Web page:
Health Policy

The COVID-19 pandemic has shed light on the ongoing pandemic of racial injustice. In the context of these twin pandemics, emergency medicine organizations are declaring that “Racism is a Public Health Crisis.” Accordingly, we are challenging emergency clinicians to respond to this emergency and commit to being antiracist. This courageous journey begins with naming racism and continues with actions addressing the intersection of racism and social determinants of health that result in health inequities.
Global evidence suggests that maternal vaccination rates are partly related to intersectional gender-related disparities. Kenya recently eliminated maternal and neonatal tetanus, but previously had low rates of tetanus vaccination in many districts. Examining both national data and gender-responsive language in policies can potentially illuminate this progress.
Elsevier, International Journal of Intercultural Relations, Volume 82, May 2021
With the passing of Royal Decree-Law 16/2012, Spain's national health system switched from a model defined by universal and free health care principles, to a private insurance system that excluded large population groups. Based on a qualitative research design, this paper examines the media treatment of undocumented immigrants’ prerogatives to public health care in Spain (2012–2018).
Elsevier, Transportation Research Part D: Transport and Environment, Volume 93, April 2021
An improved understanding of public support is essential to design effective and feasible climate policies for aviation. Our motivation is the contrast between high support for air travel restrictions responding to the COVID-19 pandemic and low support for restrictions to combat climate change. Can the same factors explain individuals’ support for restrictive measures across two different problems? Using a survey, we find that largely the same factors explain support.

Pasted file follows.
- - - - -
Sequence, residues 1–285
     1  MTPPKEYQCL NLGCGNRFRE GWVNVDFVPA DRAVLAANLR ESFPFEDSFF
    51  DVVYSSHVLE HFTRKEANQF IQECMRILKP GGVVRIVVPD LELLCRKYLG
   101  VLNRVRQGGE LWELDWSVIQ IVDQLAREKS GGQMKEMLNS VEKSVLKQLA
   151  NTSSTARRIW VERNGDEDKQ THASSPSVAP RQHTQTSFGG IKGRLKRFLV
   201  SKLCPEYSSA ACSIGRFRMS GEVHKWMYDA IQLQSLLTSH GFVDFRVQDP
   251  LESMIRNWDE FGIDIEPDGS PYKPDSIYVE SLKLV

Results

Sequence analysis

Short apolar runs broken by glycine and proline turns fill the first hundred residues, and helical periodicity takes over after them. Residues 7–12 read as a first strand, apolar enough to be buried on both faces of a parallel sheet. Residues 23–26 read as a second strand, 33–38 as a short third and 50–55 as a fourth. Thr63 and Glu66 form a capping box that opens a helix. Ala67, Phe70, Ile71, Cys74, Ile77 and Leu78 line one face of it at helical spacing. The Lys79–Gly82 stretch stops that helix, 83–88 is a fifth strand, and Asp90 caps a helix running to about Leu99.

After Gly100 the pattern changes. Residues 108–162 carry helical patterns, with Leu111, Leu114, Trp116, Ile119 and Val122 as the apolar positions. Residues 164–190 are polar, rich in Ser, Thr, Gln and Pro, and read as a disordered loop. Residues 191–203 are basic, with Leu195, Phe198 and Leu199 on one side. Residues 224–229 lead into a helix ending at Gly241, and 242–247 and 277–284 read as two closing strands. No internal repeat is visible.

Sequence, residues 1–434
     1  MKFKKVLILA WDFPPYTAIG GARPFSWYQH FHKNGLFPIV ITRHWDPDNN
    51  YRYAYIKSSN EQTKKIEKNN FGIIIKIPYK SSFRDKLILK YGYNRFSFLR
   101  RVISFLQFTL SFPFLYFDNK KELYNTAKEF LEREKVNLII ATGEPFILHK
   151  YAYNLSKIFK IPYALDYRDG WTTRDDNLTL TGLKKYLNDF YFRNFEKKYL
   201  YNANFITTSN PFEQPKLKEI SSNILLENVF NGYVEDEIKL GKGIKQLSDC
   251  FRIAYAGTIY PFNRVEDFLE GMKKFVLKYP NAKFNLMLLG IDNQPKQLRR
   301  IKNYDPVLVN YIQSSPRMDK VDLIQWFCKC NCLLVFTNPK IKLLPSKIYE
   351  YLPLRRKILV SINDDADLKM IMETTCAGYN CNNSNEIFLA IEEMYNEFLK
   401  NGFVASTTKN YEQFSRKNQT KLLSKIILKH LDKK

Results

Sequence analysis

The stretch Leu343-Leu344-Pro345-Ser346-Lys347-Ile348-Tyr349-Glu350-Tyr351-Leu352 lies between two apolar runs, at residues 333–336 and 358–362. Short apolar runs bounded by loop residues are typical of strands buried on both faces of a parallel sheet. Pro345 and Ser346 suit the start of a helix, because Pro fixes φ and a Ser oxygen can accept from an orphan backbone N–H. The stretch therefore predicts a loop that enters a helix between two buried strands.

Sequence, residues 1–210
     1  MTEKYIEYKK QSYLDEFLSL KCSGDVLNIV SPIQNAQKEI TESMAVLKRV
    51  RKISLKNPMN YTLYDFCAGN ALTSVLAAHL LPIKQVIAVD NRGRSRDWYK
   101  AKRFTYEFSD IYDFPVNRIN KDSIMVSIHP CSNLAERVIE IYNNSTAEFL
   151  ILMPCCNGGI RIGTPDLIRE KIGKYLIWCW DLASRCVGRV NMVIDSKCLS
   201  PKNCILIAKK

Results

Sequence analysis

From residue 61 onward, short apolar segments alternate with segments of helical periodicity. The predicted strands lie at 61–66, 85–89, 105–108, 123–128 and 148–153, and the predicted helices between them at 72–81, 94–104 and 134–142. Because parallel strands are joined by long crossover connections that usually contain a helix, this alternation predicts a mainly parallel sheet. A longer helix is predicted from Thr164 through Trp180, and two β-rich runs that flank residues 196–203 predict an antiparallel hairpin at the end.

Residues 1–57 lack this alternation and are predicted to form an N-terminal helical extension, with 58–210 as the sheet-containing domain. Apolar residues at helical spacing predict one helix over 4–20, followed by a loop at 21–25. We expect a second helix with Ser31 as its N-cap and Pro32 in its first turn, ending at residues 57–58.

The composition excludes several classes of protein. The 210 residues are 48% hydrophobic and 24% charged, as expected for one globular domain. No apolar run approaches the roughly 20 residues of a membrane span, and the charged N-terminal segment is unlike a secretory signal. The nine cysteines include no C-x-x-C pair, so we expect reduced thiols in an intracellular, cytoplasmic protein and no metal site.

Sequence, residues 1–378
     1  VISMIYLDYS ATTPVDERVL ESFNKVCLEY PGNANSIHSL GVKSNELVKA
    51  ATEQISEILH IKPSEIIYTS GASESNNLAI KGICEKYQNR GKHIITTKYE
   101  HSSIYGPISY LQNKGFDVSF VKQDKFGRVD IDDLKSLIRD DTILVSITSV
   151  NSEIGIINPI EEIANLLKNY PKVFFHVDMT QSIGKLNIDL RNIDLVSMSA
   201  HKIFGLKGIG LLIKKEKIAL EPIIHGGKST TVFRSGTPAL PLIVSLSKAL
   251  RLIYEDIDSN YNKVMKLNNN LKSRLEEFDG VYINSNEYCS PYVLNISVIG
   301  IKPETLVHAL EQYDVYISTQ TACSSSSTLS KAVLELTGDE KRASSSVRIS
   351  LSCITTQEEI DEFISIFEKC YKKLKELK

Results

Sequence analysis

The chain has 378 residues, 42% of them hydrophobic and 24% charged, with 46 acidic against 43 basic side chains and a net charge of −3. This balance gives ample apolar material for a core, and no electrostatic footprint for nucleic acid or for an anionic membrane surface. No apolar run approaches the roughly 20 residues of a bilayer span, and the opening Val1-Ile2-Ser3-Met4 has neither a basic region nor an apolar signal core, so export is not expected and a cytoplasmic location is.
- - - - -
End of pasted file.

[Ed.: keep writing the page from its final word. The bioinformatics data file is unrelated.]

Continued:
Translations: For the Chinese, French, German, and Spanish translations of the abstract see Supplementary Materials section.
In 2016, the World Health Organization declared that ‘Health is one of the most effective markers of any city's successful sustainable development’ (World Health Organisation, 2016). With estimates that around 6.7 billion people will live in cities by 2050, 21st century city planning decisions will play a critical role in achieving the United Nations (UN) Sustainable Development Goals (SDGs). They will determine the city structure and access to health-enhancing (or health-damaging) urban environments, and ultimately lifestyle choices that impact both individual and planetary health.
Purpose and setting: Infrastructure is a global multi-trillion dollar market presenting many opportunities and risks for sustainable development. This article aims to foster better conceptualisation of the connections and tensions between infrastructure policy and public health in the light of the Sustainable Development Goals, especially ‘good health and wellbeing’ (number 3) and ‘industry, innovation and infrastructure’ (number 9), based on findings from interviews with a purposive sample of senior practicing Australian infrastructure policy makers.